Canon XSi, modded, 30 x 3 min., ISO 1600
LXD75-SN10 OTA, Baader MPCC, EQ6 mount, guided w/PHD and EQMOD
The Whale: NGC 4631 (right), Magnitude: 9.2, Surface brightness: 12.6 mag/sq arcmin and 22.3 mag/arc-sec2, Size: 15.2'x2.8' Position angle: 86°
The Hockey Stick: NGC 4656 (left). Magnitude: 10.5, Surface brightness: 13.1 mag/sq arcmin, Size: 15.3'x2.4' Position angle: 33°
The pair of large galaxies in this image are NGC 4631, named "The Whale Galaxy", on on the right of this image, and the smaller NGC 4656, named "The Hockey Stick Galaxy" for its very distincy shape.
The Whale is a large spiral galaxy Sc type spiral galaxy seen edge-on, about the size of The Milky Way Galaxy. This image, taken near the Zenith from the Eastern Israeli Negev Desert, on a particularly clear night, shows the numerous dust lanes within the galaxy along with brighter regions of new star formation. Further detail can be seen in the close up image I have included in this site http://www.pbase.com/boren/image/111891423).
Just to The Whale's right in this image, the smaller elliptical galaxy, NGC 4627, is tidally interactng with The Whale - this gravitational interaction distorting them both. The pair are named as ARP 281, in he Arp Catalog of Peculiar galaxies, and lies between 25-30 million light years from Earth.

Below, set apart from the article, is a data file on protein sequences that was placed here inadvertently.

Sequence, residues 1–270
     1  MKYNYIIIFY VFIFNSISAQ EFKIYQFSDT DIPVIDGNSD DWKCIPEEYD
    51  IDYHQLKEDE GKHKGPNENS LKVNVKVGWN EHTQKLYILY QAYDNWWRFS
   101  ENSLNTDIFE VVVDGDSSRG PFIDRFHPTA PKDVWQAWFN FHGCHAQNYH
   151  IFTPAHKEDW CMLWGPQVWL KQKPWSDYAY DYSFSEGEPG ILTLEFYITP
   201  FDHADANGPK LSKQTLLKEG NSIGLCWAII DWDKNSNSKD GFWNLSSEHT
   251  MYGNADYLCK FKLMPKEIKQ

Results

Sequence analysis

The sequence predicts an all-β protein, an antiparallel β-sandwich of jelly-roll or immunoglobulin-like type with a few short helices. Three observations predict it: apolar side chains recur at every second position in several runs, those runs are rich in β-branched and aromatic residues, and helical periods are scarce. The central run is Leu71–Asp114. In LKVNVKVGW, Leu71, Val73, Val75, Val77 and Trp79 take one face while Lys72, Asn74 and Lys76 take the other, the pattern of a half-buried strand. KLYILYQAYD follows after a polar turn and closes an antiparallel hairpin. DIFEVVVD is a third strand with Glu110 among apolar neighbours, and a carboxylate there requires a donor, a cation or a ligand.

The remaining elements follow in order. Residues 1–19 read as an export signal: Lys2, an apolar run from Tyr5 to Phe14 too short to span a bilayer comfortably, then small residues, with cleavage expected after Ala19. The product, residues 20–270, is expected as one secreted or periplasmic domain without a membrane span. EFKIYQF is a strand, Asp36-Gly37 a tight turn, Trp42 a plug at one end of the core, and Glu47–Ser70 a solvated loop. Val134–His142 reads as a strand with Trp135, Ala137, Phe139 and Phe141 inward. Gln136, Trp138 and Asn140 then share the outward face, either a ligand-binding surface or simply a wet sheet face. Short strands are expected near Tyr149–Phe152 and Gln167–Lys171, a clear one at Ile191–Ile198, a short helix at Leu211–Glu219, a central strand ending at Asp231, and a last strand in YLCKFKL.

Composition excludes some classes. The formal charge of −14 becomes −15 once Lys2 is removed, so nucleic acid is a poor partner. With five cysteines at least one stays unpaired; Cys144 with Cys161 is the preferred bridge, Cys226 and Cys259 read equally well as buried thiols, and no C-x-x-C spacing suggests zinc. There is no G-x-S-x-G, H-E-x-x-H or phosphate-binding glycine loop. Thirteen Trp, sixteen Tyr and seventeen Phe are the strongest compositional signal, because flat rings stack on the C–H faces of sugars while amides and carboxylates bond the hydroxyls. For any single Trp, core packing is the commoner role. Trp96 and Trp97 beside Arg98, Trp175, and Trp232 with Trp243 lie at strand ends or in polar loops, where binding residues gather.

At the left, The Hockey Stick shows substantial gravitational distortion from its large neighbor, The Whale. Recent surveys have shown that a bridge of hydrogen gas connects the two, indicating this past history of interaction. I have made a close up image of this galaxy and included it on this site http://www.pbase.com/boren/image/111891425) - where some of the small knotted star forming regions can be resolved. There are also several dimmer background galaxies in the picture.